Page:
• Words that had something to do with starting over, taking a big risk, or that aligned with our values (Curiosity, Penchant, New Co, New Line, Constant, Cloud).
  • Something that would pay homage to where we had both worked for the last few years (Collaboration Brewing, New Portal, Red Portal, Blue Portal, Sustainment, Thrive).

And we had a few leftovers: New House, Local, Red Barrel, Haze, Round Tuit (some real winners).

With each name we considered, we made sure to do some basic research to see if there were other companies with the same or similar names, or any trademarks that seemed to conflict (see the links at the end of this post for relevant resources).  If you search for most of the names above in a trademark database and Google, you’ll find something close enough.  Each time we searched and other breweries or trademarks showed up, we would scratch that name off the list. One name kept seeming right, and wasn’t showing up in our searches.  We liked it, others liked it, it came to us easily.  Rocky Point Brewing Company.  Done.  That was easy!

But at that stage we still hadn’t fully convinced ourselves that we should quit our jobs.  We had not reserved our name with the province or incorporated a company. We had commitment issues. A few months later, we had prepared a good business plan, the bank was nearly on board, and investors were lined up. We sent a note to our lawyer asking him to incorporate our company, but it turns out someone else had incorporated a company with a very similar name and our name request was denied by the BC name registry. Cue the end of the world.

After a quick education in the difference between trademarks, trade names, and corporate names we went through the five classic stages of grief.  We assumed it was a mistake (denial). We wondered: “who would do this to us!?” (anger).  We called our lawyer and tried to find ways around it (bargaining).  We felt like giving up and ignored it for a while (depression).  Finally, we decided it may be a good thing, and we started looking for a new name (acceptance).

We spent the next few weeks working on finding a new name.  We enlisted the help of our amazing branding agency and the help of our friends, family and colleagues.  We used dictionaries and thesauruses looking for definitions, synonyms, and antonyms.  We made lists of words. Lots of lists. So many words.  Every time we found something, we checked the trademark databases in Canada and the US and every time it was inevitably taken.  I’d wake up in the middle of the night with the perfect name… taken.  When you have thousands of breweries in the US and Canada, and thousands more in planning, finding unique names that mean something to you, reflect your brand, and help tell your story becomes difficult and frustrating. At this time we were lucky enough to spend time with one of our advisors who has a background in beer and alcohol branding as well as Don and Tak at Free Agency Creative.  Don and Tak worked with us to get clear on what type of company, brewery and brand we were trying to be.  With them, we figured out what we did and didn’t want:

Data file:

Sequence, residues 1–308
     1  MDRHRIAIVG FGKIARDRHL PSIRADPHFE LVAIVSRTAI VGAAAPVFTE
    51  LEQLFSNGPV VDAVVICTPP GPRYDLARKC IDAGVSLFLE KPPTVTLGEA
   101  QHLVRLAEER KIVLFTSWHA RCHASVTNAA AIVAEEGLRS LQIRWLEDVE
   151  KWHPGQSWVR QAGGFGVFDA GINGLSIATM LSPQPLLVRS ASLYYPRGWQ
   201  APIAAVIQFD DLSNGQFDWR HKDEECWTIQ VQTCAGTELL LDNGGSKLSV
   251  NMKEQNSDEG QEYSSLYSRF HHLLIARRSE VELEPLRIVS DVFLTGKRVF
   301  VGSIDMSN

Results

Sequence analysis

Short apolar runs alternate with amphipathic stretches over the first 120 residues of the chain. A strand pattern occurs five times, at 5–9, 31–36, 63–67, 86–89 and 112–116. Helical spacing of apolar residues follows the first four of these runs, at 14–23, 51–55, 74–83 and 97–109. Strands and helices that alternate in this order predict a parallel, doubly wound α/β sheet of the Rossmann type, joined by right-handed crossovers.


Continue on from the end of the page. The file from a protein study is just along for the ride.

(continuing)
• We didn’t want to use classic BC wilderness and coastal imagery, or have a name that evoked that type of imagery.
  • We wanted something that reflected us.  We are a couple of normal guys.  Names like ‘Penchant’ were out.
  • We wanted a name that gave a nod to where we were located, without being all about where we were located.  It had to mean something to people who don’t live where we live.